The Philadelphia Public Relations Association has lost a long-time and beloved member of its family. We are saddened to announce that Sally Berlin has passed away this past weekend on Saturday, October, 25th. Sally, a well-known PR pro in the Philadelphia area, served as PPRA’s President in 1976-77. She was one of the first women to become inducted into the PPRA Hall of Fame in 1986.
Sally stood only 4 feet, 10 inches tall but was known as a PR giant and ageless dynamo by those who knew her. She cherished the Philadelphia Public Relations Association, making it a high priority to attend PPRA programs. She eagerly volunteered her time and demonstrated her passion for the public relations industry by sharing her influential and creative ideas to help boost a city in which she loved, the city of Philadelphia.
Aside from her affiliation with PPRA, Sally worked hard to expand the Police Athletic League of Philadelphia, (PAL). Working as an adviser for PAL well into her 90s, Sally raised millions of dollars for the non-profit corporation throughout her career.
Sandy Harris, Senior Development Coordinator and Auction Manager at PAL as well as a long-time colleague and friend of Sally’s highlighted her powerful personality in a tribute post on the Philly PAL blog.“Working with Sally and getting to know her is something that I will always treasure. I learned so much from seeing her in action. If she called you in regard to a donation and you didn’t call her back, you can bet she would persistently call you until you told her when she could expect the check. She never took no for an answer and knew how to make everyone she talked to feel special.”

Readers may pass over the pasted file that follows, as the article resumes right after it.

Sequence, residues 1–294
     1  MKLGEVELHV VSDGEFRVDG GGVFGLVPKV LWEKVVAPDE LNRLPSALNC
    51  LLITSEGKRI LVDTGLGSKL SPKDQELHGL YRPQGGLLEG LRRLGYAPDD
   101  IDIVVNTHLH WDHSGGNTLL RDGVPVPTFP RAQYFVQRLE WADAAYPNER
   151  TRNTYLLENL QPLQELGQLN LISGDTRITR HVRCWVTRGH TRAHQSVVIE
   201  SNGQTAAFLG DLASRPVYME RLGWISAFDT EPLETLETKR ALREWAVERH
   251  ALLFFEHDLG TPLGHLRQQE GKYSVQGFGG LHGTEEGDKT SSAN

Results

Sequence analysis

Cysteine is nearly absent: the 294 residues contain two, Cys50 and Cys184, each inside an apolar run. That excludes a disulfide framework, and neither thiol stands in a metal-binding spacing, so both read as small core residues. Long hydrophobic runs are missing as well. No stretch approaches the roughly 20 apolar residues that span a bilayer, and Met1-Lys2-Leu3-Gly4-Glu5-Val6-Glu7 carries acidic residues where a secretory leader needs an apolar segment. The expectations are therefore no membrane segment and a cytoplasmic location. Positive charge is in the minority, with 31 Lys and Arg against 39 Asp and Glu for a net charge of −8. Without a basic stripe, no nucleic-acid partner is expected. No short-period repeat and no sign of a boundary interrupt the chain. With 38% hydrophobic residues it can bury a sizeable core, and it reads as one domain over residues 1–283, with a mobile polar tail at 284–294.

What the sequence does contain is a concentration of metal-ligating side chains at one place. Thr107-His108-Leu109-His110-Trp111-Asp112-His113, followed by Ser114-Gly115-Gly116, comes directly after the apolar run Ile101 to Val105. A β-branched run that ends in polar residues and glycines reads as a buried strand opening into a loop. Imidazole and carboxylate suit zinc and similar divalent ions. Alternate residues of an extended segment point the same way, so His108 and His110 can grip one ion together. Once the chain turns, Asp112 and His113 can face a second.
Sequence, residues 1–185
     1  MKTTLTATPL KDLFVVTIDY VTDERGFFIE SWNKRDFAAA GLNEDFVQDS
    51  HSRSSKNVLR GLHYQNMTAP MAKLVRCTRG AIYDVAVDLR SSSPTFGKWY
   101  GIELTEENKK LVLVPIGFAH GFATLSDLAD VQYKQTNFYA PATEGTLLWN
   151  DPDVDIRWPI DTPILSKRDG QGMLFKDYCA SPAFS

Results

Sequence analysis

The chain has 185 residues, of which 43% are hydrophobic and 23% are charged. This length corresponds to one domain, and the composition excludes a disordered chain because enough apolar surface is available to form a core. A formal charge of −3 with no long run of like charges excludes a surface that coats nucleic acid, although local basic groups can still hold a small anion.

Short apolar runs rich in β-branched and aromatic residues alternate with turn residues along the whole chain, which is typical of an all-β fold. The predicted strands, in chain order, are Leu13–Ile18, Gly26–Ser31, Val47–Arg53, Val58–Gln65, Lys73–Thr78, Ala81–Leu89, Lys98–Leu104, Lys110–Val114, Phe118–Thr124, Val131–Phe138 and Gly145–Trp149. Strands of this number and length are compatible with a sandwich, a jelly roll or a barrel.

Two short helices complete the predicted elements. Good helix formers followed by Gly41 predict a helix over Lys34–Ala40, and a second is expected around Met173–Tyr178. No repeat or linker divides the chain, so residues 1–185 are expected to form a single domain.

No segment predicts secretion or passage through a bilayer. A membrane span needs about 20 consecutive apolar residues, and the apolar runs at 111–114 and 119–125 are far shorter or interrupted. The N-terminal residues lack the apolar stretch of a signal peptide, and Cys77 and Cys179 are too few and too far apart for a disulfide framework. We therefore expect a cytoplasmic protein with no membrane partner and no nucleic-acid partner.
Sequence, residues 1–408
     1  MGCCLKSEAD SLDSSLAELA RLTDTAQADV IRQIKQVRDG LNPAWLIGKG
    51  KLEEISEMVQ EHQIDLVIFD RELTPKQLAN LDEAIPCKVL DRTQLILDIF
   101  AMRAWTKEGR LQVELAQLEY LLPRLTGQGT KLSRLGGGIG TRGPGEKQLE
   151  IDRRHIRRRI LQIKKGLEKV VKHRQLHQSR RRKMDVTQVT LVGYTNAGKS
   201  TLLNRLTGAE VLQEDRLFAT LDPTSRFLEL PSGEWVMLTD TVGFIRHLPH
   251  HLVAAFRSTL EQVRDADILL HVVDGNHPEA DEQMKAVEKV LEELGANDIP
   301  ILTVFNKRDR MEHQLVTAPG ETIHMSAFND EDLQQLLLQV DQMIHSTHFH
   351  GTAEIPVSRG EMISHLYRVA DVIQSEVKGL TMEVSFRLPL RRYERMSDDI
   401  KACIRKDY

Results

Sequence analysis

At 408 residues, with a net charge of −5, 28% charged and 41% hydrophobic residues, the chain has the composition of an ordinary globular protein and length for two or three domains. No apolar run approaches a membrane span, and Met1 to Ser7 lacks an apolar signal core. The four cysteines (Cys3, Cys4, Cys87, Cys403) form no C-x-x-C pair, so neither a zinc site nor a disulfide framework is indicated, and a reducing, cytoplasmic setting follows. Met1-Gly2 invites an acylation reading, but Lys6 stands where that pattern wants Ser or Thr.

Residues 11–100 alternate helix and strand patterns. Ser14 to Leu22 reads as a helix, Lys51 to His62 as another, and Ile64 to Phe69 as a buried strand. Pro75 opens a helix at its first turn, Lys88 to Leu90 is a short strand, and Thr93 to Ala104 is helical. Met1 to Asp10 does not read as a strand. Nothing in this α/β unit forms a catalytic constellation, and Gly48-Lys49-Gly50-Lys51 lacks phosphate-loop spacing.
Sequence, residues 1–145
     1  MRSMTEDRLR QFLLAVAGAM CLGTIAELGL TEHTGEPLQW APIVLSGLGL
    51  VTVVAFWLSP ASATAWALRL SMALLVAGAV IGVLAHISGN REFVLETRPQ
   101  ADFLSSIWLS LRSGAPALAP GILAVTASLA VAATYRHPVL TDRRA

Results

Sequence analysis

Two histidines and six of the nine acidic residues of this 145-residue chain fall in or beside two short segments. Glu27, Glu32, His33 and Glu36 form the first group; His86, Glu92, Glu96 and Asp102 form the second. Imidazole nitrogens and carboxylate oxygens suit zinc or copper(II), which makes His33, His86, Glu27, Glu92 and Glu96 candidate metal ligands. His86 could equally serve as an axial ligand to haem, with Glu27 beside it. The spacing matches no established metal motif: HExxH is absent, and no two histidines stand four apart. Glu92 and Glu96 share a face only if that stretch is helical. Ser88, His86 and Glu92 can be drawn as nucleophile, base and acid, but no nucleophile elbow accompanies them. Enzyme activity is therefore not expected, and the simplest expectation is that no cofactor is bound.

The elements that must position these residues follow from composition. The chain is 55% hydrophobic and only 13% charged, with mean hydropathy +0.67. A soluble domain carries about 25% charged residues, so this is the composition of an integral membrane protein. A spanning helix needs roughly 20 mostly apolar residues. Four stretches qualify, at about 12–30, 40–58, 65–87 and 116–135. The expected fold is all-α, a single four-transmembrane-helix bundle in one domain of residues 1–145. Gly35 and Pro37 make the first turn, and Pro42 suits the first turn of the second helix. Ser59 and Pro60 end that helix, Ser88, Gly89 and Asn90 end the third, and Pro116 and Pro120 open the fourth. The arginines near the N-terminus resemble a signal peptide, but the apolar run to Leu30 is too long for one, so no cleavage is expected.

“In all the years I had the privilege of knowing Sally, I never heard her say an unkind word about anyone. In fact, she saw the best in everyone and became their champion, spreading the word about their talents and achievements,” said Gloria Hochman.
Dan Cirucci reminisced on Sally’s unstoppable can-do attitude in a tribute post on his personal blog. “She was also a pioneer — part of a generation of women who broke through the glass ceiling before anyone even knew what the glass ceiling was. And then she went on to mentor countless others. She did it all without a second thought. In fact, it probably never occurred to her that anything could stop her — and nothing ever did.”
We have truly lost an extraordinary individual and vibrant personality. Sally will be missed by all that were lucky enough to cross path’s with such a genuine person.